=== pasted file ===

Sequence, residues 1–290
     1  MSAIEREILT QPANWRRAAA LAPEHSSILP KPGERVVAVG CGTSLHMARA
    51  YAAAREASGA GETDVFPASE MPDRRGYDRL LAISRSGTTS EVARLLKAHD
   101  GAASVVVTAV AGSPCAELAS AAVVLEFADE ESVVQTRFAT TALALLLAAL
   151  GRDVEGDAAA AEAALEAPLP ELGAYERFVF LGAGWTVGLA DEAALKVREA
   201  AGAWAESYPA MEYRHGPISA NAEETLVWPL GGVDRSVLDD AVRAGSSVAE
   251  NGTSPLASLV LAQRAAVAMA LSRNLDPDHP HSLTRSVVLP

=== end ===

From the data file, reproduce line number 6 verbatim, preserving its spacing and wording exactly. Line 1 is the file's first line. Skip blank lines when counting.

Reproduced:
   201  AGAWAESYPA MEYRHGPISA NAEETLVWPL GGVDRSVLDD AVRAGSSVAE